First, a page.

GREEN power generation firm Energia has begun supplying energy from five new wind farms in rural Antrim and Tyrone, which between them are supplying a total of 73 megawatts of energy capable of powering 36,000 homes.
Located at Longmountain and Glenbuck in Co Antrim and at Altamuskin, Eshmore and Gortfinbar in Co Tyrone, the new facilities mark the culmination of years of development work and construction by Energia, which has invested £600 million in wind farm projects to date.
The two Antrim facilities will generate 27.6mws (Longmountain is the largest) and 9mws, while the three in Tyrone will generate 14mws, 6.9mws and 15mws respectively.
Peter Baillie, managing director of Energia Renewables, said: "We're proud of our achievement in opening these five new wind farms, coming just a month after after we opened the biggest wind farm in Ireland so far at Meenadreen in Co Donegal.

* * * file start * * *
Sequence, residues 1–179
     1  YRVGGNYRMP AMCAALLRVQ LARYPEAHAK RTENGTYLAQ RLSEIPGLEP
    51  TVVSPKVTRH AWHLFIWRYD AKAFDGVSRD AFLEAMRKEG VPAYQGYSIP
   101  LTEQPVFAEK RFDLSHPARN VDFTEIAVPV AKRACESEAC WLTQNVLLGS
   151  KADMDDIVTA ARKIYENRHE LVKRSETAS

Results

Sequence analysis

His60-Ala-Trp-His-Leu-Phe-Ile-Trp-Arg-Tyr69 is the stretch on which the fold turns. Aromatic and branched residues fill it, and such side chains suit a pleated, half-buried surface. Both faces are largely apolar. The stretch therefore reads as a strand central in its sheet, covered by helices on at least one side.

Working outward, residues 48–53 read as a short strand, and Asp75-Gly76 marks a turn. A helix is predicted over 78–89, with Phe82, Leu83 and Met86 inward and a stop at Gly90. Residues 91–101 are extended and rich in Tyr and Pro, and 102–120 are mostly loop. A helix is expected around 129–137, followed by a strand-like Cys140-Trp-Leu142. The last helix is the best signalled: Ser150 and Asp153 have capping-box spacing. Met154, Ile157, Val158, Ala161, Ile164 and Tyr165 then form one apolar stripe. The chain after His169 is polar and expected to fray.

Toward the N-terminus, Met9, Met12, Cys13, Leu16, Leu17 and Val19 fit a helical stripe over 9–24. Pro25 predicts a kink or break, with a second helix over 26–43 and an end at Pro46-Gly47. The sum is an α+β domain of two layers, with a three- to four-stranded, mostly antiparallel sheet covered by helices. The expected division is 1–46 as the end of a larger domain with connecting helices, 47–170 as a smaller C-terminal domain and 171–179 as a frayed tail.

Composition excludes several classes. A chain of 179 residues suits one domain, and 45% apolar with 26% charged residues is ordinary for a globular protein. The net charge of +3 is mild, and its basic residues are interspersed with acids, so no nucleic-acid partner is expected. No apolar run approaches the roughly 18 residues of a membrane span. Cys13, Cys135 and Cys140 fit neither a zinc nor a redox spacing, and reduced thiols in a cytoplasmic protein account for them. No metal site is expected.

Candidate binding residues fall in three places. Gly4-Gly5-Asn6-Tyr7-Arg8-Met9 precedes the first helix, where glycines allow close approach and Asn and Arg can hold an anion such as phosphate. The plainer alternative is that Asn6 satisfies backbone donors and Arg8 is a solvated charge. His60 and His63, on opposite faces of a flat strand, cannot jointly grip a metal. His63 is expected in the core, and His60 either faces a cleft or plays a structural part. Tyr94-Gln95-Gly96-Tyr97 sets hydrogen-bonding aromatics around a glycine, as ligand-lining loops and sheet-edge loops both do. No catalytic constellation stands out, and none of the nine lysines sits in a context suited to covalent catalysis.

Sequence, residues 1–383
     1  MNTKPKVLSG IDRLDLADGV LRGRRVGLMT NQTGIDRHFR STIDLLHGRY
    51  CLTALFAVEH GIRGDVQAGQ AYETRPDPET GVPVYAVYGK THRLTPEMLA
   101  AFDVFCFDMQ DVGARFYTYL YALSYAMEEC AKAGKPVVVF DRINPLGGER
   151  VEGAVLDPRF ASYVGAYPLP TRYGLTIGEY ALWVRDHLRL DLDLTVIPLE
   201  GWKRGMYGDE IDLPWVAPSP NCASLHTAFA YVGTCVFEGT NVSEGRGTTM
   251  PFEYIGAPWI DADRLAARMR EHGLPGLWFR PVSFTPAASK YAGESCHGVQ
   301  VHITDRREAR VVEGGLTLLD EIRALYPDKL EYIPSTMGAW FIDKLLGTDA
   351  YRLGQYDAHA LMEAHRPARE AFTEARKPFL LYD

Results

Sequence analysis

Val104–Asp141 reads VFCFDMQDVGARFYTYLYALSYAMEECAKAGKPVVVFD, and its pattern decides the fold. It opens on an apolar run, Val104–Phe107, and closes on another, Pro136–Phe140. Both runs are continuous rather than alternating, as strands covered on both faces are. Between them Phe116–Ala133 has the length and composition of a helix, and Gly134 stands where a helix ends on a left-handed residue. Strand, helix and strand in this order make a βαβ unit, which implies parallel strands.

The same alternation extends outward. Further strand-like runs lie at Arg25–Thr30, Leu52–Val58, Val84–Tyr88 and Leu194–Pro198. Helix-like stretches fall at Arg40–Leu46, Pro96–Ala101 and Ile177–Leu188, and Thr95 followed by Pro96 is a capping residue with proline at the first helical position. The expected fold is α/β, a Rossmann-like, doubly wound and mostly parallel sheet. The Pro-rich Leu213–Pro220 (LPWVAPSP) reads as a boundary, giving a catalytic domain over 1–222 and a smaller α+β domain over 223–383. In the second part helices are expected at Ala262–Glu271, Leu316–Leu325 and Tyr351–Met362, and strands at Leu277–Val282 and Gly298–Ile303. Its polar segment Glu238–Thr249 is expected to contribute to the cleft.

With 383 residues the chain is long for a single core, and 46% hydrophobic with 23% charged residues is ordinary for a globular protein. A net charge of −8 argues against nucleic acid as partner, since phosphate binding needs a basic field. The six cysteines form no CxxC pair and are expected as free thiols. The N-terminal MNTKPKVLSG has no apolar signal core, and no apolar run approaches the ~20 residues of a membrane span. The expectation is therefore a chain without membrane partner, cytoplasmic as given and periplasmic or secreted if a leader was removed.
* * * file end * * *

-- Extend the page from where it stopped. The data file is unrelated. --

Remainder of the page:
"This takes Energia to more than 1,000 megawatts of wind farm power purchase agreements, which account for 26 per cent of all windfarm offtake across Ireland."
The wind farms operate community benefit schemes run by Community Foundation NI and will be significant contributors to local authority rates, after having already created a number of permanent jobs.
Energia Renewables is among the island’s leading providers of sustainable green energy, with 25 per cent of Ireland’s wind power provided through Energia to homes and businesses.
The opening of the farms comes as the latest generation capacity statement from System Operator for Northern Ireland (Soni) indicates that electricity demand in the north is likely to remain stable up until 2026.
There were fears that the decommissioning of existing generating plant due to emissions restrictions may mean there is not enough electricity supply to meet demand from 2021.
But the report emphasises that the commissioning of the proposed north south interconnector would alleviate the pressure and ensure the north's medium-to-long-term electricity supply remains secure.
Soni general manager Robin McCormick said: "While we are not forecasting significant growth in demand for electricity in Northern Ireland in the coming years, the report highlights the ever increasing urgency for delivery of the interconnector."